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Can one parent choose to leave Florida with their children?

On Behalf of | Oct 26, 2023 | Time-Sharing

Many people have heard stories of vindictive parents who intentionally try to cut someone else out of the lives of their shared children and would like to avoid such scenarios for their own families. One of the ways a vindictive parent might achieve that goal is by moving out of Florida or across the state to make shared parenting time more of a challenge.

Yet, it is not legal for one parent to simply uproot children and move them far away from their neighborhood and existing support network if that parent is subject to a time-sharing and or shared custody order. Any major parenting changes typically require the consent of both adults (or one parent and the courts, in the event of a litigated concern).

Taking proper steps in the event of a relocation request

The parent proposing a move will need to provide written advanced notice to the other parent asking to allow the relocation. If the other parent does not agree to the move, then they may need to take the matter to family court. The courts will review a relocation request depending on the necessity of the move and the impact it would likely have on the children. A judge could rule in many different ways. They might approve the move but not allow the children to go. They might agree that the children should move with the parent relocating.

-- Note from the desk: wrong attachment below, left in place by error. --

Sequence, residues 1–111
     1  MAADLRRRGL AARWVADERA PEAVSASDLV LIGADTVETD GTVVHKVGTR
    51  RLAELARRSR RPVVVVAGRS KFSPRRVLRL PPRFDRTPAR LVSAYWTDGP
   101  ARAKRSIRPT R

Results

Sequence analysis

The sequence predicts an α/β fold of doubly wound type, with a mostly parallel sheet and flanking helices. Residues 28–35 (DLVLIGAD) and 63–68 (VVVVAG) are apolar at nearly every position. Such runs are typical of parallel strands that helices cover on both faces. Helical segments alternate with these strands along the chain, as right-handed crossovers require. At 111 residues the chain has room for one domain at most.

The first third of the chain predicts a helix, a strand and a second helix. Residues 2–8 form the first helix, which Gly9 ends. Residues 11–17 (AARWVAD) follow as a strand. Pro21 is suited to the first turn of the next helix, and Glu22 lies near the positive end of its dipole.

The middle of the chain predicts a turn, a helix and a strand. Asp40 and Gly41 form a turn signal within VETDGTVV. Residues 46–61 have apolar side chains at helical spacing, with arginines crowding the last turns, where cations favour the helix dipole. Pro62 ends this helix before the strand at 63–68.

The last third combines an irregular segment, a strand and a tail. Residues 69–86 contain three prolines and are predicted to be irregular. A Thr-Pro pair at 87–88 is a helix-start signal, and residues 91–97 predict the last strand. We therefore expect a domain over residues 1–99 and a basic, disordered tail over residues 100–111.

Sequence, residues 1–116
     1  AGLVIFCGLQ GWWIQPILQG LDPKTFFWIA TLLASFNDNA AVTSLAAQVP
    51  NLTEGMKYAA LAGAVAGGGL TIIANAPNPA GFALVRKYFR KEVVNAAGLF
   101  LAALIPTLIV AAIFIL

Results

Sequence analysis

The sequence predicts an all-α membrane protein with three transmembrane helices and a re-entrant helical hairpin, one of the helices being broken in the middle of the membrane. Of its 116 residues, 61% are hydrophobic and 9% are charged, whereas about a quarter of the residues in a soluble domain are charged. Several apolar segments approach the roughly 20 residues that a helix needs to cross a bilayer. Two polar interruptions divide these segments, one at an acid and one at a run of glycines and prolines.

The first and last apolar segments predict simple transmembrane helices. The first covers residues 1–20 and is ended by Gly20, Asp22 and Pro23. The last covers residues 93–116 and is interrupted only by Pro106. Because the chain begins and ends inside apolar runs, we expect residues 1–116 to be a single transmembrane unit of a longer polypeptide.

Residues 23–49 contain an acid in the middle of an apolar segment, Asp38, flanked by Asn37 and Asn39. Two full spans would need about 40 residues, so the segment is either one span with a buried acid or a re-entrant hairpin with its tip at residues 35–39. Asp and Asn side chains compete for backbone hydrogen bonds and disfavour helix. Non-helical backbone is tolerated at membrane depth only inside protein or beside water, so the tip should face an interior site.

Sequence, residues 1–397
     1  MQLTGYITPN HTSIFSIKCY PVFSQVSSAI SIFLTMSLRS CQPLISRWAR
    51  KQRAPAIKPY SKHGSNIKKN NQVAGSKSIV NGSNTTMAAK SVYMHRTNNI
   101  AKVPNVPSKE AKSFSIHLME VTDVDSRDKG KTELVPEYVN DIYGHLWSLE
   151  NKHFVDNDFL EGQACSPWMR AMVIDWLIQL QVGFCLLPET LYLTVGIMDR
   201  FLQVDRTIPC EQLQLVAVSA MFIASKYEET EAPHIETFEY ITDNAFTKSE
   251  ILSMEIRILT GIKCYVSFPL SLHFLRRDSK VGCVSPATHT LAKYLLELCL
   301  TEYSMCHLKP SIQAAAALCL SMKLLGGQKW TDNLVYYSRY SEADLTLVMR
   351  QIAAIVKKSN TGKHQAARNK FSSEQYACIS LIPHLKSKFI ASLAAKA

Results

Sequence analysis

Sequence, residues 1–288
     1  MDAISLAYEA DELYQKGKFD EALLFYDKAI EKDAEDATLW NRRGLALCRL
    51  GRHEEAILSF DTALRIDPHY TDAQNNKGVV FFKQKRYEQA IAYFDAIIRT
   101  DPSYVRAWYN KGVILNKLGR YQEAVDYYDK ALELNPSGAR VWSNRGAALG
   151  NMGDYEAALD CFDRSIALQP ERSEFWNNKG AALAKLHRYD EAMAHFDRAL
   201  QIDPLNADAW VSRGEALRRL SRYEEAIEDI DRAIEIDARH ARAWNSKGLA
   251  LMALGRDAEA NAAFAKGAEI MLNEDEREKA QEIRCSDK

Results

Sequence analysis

However a judge decides, relocation requests often result in a significant modification of the existing custody order. It is still feasible to maintain a relatively even split of parenting time even after one parent moves out of Florida by allowing the other to see the children for any extended breaks from school.

A parent worried that a relocation would harm their relationship with the children could present evidence to the courts that the request comes from a place of spite and that the separation would not be in the best interests of the children. Prior text messages between the parents, such as threats about eliminating one parent’s time with the children, could potentially help demonstrate the true motivation behind a relocation request, for example.

Parents who develop their custody strategies by focusing on the best interests of the children are more likely to achieve a favorable outcome than those prioritizing their own desires and perceived rights. Seeking legal guidance when a relocation concern arises can help parents to craft their approaches/responses in these ways accordingly.